Police are investigating the deaths of two dolphins from a Swiss aquarium. The dolphins died following a techno rave that was held at the facility earlier this month. The first dolphin, Shadow, was found dead directly following the event, which led experts to suspect the cause of death was stress related due to the deafening music being played in close proximity.
It has been well documented that loud music is known to bother dolphins and other marine mammals in captivity who navigate by echolocation, which entails bouncing sonar waves off other objects to determine location, shape and distance. The confined tank walls create an environment where the reverberations from their own sonar cause great stress. Back in October, Senior Vice President of PETA, Dan Matthews, attended a fundraiser at the Georgia aquarium and witnessed the effect first hand. While observing beluga whales, he witnessed one “squirming and twisting” more than the others. He asked one of the aquarium staff members whether the music bothered them, which she replied, “Well, yes. Especially the males―as soon as the music starts pounding, they go nuts and start attacking the harbor seals in the tanks.”
Just two days after the death of Shadow, another dolphin, Chambers, suffered a “drawn out painful” death. According to the aquarium keeper, Chambers began drifting under the water, shaking and foaming at the mouth. Even a shot of adrenalin didn’t help, Chambers died one hour later. This has led experts to suspect that perhaps rather than noise being the cause of death, the dolphins were poisoned by narcotics that were dropped in the tank by someone in attendance. While the result of the deaths would not be stress related, this is simply another concern that arises when you expose aquarium life to settings and crowds that arguably should not be in an aquarium.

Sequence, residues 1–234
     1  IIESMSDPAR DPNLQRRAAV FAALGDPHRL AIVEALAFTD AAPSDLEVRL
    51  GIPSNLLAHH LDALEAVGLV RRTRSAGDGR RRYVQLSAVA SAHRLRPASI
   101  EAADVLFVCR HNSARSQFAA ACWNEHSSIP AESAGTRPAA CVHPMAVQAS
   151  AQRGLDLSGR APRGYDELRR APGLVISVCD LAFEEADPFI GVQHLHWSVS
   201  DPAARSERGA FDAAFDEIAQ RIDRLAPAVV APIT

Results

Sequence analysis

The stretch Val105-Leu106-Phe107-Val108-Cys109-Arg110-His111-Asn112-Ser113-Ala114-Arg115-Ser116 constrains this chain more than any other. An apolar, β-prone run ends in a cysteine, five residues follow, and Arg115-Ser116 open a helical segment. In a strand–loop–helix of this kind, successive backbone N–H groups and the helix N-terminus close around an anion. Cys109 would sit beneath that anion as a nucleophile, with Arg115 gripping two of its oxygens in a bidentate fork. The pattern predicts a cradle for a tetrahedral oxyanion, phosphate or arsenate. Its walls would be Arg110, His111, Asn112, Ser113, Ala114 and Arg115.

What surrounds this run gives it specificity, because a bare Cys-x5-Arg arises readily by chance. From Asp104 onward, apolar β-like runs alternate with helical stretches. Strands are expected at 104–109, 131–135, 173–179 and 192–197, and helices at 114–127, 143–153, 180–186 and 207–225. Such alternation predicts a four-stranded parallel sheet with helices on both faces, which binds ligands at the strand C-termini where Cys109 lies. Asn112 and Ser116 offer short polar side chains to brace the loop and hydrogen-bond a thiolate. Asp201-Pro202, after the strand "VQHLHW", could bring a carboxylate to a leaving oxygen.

Instances like this have resulted in many experts and activists vocally objecting to aquariums holding events inside facilities that will expose the marine mammals to loud music. PETA Germany had initially objected to the event, and asked the aquarium to cancel it, and is now poised to file a lawsuit. Just this past week, a petition was circulated online in an attempt to stop a fundraising event at the Miami Seaquarium that was slated to be playing music from 8:00PM-4:00AM. While people can protest and raise awareness about the effects of loud music in close proximity to marine mammal tanks, there appears to be a valid need for laws that will constitute these actions as abuse and torture. Perhaps the sacrifice made by Shadow and Chambers will be what is needed to get the wheels turning.